As first reported on "CBS This Morning," the research vessel Petrel discovered the wreckage of the USS Hornet in late January 2019, 77 years after the Hornet sank in battle. The World War II aircraft carrier, best known for launching the important Doolittle Raid in April 1942 and its role in winning the Battle of Midway, was found more than 17,000 feet below the surface of the South Pacific Ocean near the Solomon Islands.
Two 20 mm Oerlikons located on the port quarter
Funded by the late Microsoft co-founder Paul Allen, who had a passion for maritime history, the Petrel is a state-of-the-art, deep-sea research vessel. It dropped a torpedo-shaped underwater drone programmed to dive down and to scan the sea floor with sonar waves, looking for something that shouldn't naturally be there.
USS Hornet's 5-inch gun
The wreckage of the USS Hornet had been lost for 77 years after a major World War II battle between the U.S. and Imperial Japanese Navies.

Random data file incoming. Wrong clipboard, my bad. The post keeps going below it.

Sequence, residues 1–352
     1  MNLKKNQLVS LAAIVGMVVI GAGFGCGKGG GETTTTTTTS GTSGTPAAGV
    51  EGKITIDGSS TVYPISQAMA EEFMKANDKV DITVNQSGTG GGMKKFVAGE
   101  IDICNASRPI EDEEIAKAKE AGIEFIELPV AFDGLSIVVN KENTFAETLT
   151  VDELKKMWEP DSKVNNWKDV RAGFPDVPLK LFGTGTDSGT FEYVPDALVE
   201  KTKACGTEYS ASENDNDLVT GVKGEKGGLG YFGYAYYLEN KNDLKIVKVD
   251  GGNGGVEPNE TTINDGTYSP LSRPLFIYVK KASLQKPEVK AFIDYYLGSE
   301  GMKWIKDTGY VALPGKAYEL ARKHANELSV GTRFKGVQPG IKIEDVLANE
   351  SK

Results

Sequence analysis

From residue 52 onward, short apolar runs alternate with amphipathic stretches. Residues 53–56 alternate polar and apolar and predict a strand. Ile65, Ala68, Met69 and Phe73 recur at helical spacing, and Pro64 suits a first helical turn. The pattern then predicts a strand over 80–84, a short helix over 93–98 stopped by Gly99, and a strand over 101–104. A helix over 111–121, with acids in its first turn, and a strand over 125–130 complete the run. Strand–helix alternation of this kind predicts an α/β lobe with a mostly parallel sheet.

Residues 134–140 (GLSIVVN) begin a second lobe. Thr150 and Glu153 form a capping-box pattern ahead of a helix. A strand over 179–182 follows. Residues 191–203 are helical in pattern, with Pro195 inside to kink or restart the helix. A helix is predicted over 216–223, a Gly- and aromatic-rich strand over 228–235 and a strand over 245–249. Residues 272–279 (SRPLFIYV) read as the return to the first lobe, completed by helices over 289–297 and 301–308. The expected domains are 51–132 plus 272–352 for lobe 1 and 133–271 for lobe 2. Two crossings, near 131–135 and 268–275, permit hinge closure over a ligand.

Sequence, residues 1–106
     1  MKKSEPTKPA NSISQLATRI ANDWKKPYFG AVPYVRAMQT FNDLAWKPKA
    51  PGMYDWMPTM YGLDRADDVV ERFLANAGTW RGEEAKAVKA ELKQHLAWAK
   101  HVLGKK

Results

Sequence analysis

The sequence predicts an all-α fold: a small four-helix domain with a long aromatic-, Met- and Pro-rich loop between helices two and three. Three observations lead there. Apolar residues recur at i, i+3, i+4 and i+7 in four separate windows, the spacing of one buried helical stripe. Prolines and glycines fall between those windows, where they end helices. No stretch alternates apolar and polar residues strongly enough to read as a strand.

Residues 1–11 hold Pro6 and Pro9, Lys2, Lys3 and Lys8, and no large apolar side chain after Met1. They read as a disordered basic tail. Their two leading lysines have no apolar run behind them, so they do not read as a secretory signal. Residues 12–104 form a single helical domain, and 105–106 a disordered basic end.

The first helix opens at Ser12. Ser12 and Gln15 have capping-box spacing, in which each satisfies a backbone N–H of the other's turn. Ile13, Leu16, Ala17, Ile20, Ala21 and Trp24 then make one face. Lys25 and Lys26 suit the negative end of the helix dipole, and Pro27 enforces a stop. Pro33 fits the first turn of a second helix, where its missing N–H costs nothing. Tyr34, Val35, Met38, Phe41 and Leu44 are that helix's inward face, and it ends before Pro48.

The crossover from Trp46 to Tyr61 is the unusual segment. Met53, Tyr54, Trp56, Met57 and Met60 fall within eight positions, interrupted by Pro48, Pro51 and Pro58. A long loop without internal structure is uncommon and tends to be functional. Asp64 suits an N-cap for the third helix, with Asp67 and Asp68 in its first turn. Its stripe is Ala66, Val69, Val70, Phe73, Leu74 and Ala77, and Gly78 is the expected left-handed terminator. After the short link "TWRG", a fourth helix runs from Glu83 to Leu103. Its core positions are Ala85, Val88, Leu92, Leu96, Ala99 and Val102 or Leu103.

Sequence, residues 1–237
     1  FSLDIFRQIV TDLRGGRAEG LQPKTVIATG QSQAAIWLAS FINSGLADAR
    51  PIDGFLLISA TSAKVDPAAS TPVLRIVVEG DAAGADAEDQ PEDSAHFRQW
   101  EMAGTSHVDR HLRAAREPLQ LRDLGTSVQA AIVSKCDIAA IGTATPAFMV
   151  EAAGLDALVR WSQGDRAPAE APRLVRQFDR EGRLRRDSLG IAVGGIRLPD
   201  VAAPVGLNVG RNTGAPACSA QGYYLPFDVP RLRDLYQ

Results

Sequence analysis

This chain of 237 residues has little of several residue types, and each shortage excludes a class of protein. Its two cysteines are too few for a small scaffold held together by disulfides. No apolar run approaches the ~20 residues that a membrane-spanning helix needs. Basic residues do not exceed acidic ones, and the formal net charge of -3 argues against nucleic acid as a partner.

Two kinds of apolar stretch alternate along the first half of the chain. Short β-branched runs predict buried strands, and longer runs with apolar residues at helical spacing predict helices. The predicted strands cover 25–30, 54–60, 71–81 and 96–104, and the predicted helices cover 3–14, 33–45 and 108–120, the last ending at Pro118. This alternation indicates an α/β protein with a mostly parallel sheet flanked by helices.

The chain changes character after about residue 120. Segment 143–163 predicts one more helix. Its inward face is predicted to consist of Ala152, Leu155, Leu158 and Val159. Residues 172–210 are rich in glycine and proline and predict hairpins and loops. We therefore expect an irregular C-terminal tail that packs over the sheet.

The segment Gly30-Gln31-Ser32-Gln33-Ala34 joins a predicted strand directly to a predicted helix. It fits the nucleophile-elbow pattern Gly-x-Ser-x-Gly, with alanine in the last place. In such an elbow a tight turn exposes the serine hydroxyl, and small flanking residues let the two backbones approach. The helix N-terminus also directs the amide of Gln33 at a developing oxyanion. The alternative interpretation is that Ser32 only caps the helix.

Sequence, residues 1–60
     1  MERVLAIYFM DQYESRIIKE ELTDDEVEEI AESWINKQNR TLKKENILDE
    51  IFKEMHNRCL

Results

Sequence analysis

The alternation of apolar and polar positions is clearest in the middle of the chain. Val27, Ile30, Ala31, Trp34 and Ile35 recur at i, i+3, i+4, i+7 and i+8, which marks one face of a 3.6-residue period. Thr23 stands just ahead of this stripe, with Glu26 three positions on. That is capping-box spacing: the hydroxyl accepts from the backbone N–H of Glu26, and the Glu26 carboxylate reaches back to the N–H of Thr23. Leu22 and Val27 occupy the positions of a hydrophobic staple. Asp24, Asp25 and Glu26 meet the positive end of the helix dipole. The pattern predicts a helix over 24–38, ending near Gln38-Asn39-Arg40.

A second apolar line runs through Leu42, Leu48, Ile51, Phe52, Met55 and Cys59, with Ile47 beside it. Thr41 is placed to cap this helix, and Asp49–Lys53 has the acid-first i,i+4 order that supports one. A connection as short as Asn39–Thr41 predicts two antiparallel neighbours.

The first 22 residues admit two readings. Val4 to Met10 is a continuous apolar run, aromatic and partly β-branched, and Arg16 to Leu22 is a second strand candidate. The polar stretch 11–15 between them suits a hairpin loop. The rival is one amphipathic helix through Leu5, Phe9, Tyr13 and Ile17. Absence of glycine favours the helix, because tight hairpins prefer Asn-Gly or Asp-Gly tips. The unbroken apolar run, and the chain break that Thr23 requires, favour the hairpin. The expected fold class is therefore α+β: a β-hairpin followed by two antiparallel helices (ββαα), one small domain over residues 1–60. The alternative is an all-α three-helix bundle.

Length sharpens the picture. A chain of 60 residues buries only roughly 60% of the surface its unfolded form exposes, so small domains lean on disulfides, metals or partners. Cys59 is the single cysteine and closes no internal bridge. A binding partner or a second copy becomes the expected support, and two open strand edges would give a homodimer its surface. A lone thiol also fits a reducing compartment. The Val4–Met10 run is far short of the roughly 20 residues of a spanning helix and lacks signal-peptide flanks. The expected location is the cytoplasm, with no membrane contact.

USS Hornet's 5-inch gun director
The USS Hornet was engaged in the 1942 battle for control of the skies over Guadalcanal, where U.S. Marines were holding a crucial airstrip the Japanese desperately wanted back.
Damage on the hull of USS Hornet
With 140 of her crew already dead, the order was given to abandon ship. The Japanese then sank the USS Hornet and it sank three and a half miles to the bottom of the ocean.
F4F-4 Wildcat with its wings folded
Petrel's search in 140 square miles of ocean was like looking for the proverbial needle in a haystack.
First station on the USS Hornet deck
The Petrel needed positive identification, which they got when they saw the Hornet's naval designation: CV-8.
Aircraft tug on the USS Hornet
This eerie underwater image shows an International Harvester aircraft tug.
Signal horn atop USS Hornet tower
The exact location of the wreck is kept secret to protect the USS Hornet, but the memory now has a place, and the loss has a memorial.
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